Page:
“I really like the idea of doing work that is important and impactful and being able to get outside of the college bubble, to see and be a part of the surrounding community,” explains sophomore marketing major Mackenzie Kerry, who found a job that let her do just that as a literacy mentor with CEHD America Reads. The program trains college students of any major in reading and literacy skills to equip them to tutor K-8 students in schools and after-school programs. The CEHD America Reads program, housed in the Department of Curriculum and Instruction’s Minnesota Center for Reading Research, partners with local schools and community organizations to improve literacy. The program employs 100 university students as literacy mentors during the school year.
“It’s an amazing job,” says Logan Haen, a sophomore biology major who has been a literacy mentor since coming to the U last year. Haen appreciates the different perspectives he has gained working with students of diverse backgrounds. “I’ve gained tons of knowledge about other cultures and the program has allowed me to explore different parts of Minneapolis.”
M.Ed. and Initial License in Elementary Education candidate, Jessica Rifley, agrees that working with America Reads was eye-opening. Coming from a small town, Rifley was eager to find a job that “allowed me to leave campus and really immerse myself in various Minneapolis communities and begin networking with nonprofit and community organizations.” Rifley, like many other literacy mentors, found a calling through the program. “I wasn’t 100 percent sure what I wanted to do when I graduated (I believe the total major count was five before settling on elementary education) but I knew that I wanted to work with young people in whatever capacity allowed me to make the most positive impact possible.”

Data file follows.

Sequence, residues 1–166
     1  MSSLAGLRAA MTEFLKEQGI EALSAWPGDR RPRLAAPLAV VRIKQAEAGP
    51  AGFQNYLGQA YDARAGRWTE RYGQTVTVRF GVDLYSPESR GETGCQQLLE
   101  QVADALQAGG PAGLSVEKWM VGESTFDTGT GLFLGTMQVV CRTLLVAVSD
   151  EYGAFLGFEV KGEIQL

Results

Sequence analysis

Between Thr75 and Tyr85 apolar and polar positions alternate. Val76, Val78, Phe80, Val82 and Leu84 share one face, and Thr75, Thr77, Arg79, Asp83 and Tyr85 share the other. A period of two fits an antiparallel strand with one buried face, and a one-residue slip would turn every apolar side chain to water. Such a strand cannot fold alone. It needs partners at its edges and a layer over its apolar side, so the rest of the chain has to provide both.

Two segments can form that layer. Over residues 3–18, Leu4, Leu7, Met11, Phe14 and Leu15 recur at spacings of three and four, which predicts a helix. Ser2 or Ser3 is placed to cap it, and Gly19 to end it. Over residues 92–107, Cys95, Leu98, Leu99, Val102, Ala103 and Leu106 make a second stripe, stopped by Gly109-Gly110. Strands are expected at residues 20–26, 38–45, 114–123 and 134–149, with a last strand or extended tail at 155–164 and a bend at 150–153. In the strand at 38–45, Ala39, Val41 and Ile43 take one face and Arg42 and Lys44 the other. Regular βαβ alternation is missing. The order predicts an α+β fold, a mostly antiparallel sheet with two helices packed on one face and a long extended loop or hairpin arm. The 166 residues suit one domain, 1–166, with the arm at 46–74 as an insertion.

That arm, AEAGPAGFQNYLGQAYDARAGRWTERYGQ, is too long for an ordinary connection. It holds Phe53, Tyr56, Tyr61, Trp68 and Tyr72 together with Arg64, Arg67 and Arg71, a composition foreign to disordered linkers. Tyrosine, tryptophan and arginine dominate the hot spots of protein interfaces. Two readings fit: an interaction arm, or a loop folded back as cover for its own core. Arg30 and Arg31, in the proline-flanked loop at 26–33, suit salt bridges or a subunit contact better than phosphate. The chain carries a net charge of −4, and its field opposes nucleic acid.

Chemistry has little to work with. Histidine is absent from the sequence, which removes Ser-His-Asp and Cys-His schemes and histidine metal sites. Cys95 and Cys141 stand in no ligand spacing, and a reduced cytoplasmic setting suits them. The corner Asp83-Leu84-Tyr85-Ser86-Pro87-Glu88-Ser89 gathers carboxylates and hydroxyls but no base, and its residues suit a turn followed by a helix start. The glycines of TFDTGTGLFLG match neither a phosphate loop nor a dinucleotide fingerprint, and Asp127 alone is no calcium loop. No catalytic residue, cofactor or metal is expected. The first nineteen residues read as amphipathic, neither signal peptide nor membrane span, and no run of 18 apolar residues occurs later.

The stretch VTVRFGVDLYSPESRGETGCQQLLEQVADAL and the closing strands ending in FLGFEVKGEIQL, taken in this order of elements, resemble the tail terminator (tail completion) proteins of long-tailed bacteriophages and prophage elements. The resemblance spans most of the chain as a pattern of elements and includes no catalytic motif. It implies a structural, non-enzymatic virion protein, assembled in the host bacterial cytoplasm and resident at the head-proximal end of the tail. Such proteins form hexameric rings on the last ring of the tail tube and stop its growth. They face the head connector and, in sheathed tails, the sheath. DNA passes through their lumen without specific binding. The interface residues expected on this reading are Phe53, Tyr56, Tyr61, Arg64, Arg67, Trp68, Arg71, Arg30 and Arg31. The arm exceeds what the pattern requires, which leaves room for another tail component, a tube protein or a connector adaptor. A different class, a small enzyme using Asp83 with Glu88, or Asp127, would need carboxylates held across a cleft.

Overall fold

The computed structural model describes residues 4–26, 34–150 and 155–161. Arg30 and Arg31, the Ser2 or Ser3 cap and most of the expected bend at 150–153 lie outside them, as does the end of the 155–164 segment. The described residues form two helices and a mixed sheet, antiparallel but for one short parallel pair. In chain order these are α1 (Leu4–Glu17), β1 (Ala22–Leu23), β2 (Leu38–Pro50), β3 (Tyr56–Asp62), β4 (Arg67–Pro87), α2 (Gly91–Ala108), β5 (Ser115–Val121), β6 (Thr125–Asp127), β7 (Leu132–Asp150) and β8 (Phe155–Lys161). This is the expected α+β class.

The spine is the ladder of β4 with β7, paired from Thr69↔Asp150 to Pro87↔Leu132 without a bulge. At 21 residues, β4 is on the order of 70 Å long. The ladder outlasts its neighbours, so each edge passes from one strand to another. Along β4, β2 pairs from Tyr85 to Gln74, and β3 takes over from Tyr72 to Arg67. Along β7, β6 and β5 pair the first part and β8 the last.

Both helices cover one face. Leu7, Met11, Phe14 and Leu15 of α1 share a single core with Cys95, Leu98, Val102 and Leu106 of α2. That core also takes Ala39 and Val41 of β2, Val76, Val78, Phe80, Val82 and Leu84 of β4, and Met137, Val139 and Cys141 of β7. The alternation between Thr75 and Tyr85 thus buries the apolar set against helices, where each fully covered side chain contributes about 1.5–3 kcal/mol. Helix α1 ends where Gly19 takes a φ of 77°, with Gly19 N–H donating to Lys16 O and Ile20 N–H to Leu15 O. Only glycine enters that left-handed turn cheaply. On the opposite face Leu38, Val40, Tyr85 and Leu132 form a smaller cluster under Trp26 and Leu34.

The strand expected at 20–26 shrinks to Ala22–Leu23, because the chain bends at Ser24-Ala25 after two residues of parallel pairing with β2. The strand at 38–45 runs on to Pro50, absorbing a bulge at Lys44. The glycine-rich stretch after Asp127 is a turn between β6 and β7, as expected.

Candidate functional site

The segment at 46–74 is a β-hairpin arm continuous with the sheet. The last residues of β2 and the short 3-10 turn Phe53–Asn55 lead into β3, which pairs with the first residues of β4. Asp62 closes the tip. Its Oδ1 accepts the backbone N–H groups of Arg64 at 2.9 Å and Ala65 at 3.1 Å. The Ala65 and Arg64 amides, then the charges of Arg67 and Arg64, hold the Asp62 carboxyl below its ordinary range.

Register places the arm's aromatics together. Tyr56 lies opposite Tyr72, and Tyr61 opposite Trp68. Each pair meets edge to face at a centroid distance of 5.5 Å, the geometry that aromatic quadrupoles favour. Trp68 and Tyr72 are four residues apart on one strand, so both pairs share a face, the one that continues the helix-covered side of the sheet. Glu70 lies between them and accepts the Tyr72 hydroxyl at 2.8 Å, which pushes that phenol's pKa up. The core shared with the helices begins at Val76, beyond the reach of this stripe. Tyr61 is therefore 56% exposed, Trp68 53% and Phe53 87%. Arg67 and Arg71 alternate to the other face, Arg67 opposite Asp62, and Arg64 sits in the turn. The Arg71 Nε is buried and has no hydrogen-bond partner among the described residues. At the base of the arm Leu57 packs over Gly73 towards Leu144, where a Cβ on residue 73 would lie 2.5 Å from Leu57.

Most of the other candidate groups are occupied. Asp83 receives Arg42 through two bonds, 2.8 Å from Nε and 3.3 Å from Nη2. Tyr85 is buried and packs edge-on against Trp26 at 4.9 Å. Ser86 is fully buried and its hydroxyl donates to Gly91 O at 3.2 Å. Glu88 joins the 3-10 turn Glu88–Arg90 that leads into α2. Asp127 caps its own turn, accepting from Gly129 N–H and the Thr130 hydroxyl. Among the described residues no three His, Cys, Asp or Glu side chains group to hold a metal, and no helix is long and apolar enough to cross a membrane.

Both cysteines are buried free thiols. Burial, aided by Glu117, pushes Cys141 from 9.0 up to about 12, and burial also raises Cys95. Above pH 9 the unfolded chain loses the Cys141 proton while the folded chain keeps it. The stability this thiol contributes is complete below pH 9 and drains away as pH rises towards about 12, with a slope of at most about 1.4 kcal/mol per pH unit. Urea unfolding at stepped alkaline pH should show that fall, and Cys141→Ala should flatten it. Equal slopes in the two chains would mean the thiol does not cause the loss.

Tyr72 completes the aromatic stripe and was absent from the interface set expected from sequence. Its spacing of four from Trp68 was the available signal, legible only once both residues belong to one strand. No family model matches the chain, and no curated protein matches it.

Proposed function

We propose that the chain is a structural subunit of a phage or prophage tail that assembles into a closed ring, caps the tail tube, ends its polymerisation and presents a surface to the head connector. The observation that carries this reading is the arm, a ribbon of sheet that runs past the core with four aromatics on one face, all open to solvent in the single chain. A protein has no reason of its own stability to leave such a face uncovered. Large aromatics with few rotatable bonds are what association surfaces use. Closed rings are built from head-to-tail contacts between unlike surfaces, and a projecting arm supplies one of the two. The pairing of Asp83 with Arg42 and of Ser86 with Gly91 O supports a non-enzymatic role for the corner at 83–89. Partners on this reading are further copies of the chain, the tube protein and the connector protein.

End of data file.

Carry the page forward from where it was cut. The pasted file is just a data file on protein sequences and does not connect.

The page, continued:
“Elementary education students talk about how this is a double dose of teaching practicum. It builds on teaching experience,” says program coordinator, Megan Pieters. The program offers literacy mentors the chance to work with students in multiple settings for 6-10 hours per week and find out if education or youth work might be their career path.
For any student with a work-study award, this program has the potential to be transformative—not just for the mentees, but the mentors, as well. “America Reads has definitely impacted my understanding of what the true definition of service is,” Rifley explains. “[I learned that] it is necessary to build connections with a community and understand the resources they have to offer, rather than focus on what needs to be “fixed” or changed.”
Junior youth studies major, Choua Lee, feels the program has helped her understand the complicated factors that can affect a child’s ability to be successful in the classroom. “I have learned that every individual is going through something, and that may impact their learning.” She adds that the program has helped her to be “more patient and understanding” when working with youth.
Partner site coordinator, Sister Sharon White of the East Side Learning Center notes that the “America Reads mentors are passionate and enthusiastic about making a difference. Staff often comment on the poise of the mentors and how seriously they take the responsibility. We appreciate our ten-year partnership with America Reads!”
For students who are interested in becoming a literacy mentor, America Reads is accepting applications. Students must have a work-study award, but do not need their own transportation. Starting rates are $10.50/hour.